Wild style: Seemann on a mission to take his advanced aerial tricks to 2018 Olympic Games
Nik Seemann makes his living in the air, for seconds at a time, twisting and flipping in a fashion most of us would call crazy. To outside observers it may seem terrifying, or borderline superhuman, but for a world-class freestyle aerial skier, it’s just another day on the slopes.
“I think at some fear is a good thing, but once you dial it in you kind of get used to it and it just becomes what you do,” said Seemann. “The first time for everything is a little scary, but you move past that.”
Seemann is currently in Ruka, Finland, high up north in the Arctic Circle training for the beginning of the 2018 International Ski Federation, FIS, World Cup Series. With just hours of sunlight a day, Seemann mostly skis in the dark, hoping to perfect his tricks and earn his ticket the 2018 Pyeongchang Olympic Games.
“We’re so far north that it’s dark almost all the time,” said Seemann. “There’s a few hours where its kind of light out, but it’s basically just night skiing. It’s pretty strange, especially coming from Winter Park which is sunny about 300 days a year.”
The 20-year-old grew up in Winter Park where he took to the slopes at a young age, in part because of his father, Chris Seemann. Once an aerials athlete himself, Chris has sustained a long career with the U.S. Ski Team including as a coach and technical advisor. Today he also serves as the chairman of the USSA freestyle and freeskiing sport committee, as well as a member of the USSA Board of Directors when he isn’t helping out his son. Seemann came up skiing three day weekends participating in ski races and moguls, but like his father before him, he preferred jumping.
Said Seemann: “It’s one of the gnarliest sports out there. We go bigger and do more flips and twists than any other sport. This summer I was working on a quintuple-twisting triple back-flip. There are just no other sports that are even close to touching that sort of maneuver.”
In his youth Seemann’s father would take him out to the water ramp at Steamboat, but he graduated to competition quickly. After a series of regional competitions, Seemann was named to the U.S. Developmental Ski Team in 2014.
Seemann took first at the 2014 and 2015 Junior National Aerial Championships.
As he about to graduate from Middle Park High School in 2015, he was named to the U.S. Pro Team.
“I started competing with guys that I had watched since I was young,” he said. “It was pretty wild standing next to them at the start gate. All these guys, Olympic medalists, it’s just really crazy to think that I was starting to compete on this level.”
Seemann won his first North American Cup competition in Park City in May 2016, before placing second at the National Championships in Steamboat less than a month later. Perhaps Seemann’s most impressive outing to date was at the World Cup event in Minsk, Belarus last season where he placed seventh.
“Just to feel like I was one of the top ten in the whole world in that event is pretty inspiring to push hard and push to the podium like it was in reach,” recalled Seemann. “It made me feel like I could accomplish an Olympic or World Cup podium.”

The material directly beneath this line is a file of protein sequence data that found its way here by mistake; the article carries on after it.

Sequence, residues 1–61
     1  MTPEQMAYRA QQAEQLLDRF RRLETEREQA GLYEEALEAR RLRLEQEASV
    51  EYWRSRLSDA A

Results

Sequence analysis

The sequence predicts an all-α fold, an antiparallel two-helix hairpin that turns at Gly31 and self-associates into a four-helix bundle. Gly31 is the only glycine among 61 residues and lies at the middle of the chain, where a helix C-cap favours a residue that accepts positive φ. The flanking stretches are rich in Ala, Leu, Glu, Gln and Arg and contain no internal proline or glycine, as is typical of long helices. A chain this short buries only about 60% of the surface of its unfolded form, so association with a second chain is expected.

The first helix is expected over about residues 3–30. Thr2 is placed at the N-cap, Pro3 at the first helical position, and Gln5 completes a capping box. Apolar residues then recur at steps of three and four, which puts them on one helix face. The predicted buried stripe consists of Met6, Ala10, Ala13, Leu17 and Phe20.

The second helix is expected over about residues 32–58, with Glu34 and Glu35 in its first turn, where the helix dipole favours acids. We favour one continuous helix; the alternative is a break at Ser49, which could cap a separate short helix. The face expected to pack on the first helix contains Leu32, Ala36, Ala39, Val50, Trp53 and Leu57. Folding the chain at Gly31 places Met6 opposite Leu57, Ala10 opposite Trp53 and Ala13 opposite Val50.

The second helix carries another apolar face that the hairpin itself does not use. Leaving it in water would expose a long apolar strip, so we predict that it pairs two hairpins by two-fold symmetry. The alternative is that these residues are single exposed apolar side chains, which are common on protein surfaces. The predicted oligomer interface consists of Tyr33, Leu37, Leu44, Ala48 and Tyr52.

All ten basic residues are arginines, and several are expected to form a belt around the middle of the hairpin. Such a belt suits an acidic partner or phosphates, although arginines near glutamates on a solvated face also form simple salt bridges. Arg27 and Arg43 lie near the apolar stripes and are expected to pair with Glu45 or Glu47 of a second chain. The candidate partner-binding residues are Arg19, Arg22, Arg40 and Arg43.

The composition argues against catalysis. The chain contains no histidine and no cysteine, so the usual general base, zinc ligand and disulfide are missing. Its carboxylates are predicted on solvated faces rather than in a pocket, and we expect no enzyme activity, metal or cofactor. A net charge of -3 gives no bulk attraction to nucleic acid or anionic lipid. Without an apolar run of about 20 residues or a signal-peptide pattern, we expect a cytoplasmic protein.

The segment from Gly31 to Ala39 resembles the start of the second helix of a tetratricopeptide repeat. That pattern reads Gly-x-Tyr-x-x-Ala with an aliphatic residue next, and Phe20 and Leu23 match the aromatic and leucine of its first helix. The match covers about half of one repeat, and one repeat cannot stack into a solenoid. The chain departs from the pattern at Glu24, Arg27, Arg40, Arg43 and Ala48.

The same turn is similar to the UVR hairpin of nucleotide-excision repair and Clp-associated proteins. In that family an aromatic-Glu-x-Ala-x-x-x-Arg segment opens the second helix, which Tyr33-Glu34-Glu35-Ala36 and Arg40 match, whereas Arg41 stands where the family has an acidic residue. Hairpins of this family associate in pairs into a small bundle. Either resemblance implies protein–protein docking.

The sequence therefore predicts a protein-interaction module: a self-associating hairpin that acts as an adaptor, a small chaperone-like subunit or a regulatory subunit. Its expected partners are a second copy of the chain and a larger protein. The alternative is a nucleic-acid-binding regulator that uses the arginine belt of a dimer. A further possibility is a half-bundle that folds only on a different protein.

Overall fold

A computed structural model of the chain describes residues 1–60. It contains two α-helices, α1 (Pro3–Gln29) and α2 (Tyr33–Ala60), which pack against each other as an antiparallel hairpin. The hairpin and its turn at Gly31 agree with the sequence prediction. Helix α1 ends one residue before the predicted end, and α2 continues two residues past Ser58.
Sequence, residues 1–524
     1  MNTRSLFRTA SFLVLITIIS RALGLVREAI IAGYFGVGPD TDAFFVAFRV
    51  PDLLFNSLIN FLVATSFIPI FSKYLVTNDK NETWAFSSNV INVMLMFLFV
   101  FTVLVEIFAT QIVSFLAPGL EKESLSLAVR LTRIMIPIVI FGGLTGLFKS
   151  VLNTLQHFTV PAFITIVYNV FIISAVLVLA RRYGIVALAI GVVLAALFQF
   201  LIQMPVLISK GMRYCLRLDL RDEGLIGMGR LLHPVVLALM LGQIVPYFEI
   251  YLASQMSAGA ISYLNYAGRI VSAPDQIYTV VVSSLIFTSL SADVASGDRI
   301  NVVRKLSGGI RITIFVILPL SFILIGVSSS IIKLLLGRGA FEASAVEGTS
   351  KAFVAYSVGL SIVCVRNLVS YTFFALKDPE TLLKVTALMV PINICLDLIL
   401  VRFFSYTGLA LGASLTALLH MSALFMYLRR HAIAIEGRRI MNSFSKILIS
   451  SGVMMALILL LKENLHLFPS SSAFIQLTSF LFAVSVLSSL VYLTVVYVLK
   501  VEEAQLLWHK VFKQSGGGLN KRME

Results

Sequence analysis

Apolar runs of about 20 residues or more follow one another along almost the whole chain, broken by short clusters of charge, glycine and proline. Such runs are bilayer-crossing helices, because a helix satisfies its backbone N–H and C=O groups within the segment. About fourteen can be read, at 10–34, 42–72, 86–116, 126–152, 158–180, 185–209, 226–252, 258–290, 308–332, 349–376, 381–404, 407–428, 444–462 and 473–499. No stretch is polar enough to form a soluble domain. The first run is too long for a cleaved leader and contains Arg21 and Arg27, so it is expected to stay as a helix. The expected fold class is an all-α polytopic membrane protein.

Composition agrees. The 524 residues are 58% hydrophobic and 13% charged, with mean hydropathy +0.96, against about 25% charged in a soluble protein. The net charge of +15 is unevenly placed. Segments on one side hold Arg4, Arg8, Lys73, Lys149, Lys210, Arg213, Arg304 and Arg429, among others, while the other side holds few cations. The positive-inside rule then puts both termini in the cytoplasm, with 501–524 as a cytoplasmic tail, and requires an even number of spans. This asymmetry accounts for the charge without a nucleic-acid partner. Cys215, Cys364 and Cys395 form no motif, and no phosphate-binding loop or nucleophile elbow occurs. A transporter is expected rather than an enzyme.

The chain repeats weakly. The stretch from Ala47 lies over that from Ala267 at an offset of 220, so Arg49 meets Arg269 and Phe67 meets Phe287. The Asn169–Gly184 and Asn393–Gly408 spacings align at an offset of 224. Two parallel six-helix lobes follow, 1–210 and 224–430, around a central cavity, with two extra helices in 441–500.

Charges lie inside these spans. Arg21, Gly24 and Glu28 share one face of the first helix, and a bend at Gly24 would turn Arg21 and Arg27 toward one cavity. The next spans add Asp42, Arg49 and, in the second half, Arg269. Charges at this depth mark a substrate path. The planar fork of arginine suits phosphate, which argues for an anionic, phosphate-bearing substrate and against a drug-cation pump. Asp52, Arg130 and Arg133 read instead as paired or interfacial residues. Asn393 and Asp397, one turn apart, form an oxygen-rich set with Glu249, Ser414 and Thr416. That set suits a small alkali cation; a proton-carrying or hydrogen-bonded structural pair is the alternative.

Seemann has been envisioning an Olympic birth since he started competing seriously. He’s hoping adding a new trick to his arsenal could be the key to getting there. Seemann is working on a quintuple-twisting triple back flip, a maneuver that requires five complete twists and three back-flips on a single jump. The trick also requires countless hours of training and practice before he’s ready to try it over snow.
Seemann lives in Park City, Utah, where he trains five days a week in the gym focusing on balance and agility. Outside he takes to the water ramp at the Utah Olympic Park where athletes can practice their jumps into a pool to dial them in before trying over hard-packed snow.
“I’m at the gym constantly and I really hit the water ramp hard,” he said. “That’s the best training you can do aside from on snow.”
The path to Pyeongchang is set, and it starts at the Secret Garden Resort in China for the season’s first aerials World Cup competition. After that Seemann will head to Moscow; Deer Valley, Utah, and Lake Placid for Olympic qualifiers.
When he’s not skiing Seemann takes classes at the University of Utah, and is considering applying to the school of business with hopes of working in an action sport someday.
“Aside from all this, it’s important for me to get an education and have something to do after skiing too.”
He said he also enjoys taking trips down to San Diego where he partakes in his other passion of surfing.
Despite an exciting life full of world travel and competition, Seemann said he still loves his hometown.
“I love the support of the community up in Grand County, and it was just such a great place to grow up. Everyone’s super supportive. Even now when I’m away and I come back, everyone’s excited to see me and wish me luck. I just love the county.”
Support Local Journalism
Support Local Journalism
The Sky-Hi News strives to deliver powerful stories that spark emotion and focus on the place we live.
Over the past year, contributions from readers like you helped to fund some of our most important reporting, including coverage of the East Troublesome Fire.
If you value local journalism, consider making a contribution to our newsroom in support of the work we do.
Start a dialogue, stay on topic and be civil.
If you don't follow the rules, your comment may be deleted.
User Legend: Moderator Trusted User
Grand Concerts is hosting its first live event in 17 months featuring the Boston Brass on Friday at the Headwaters Pavilion in Winter Park.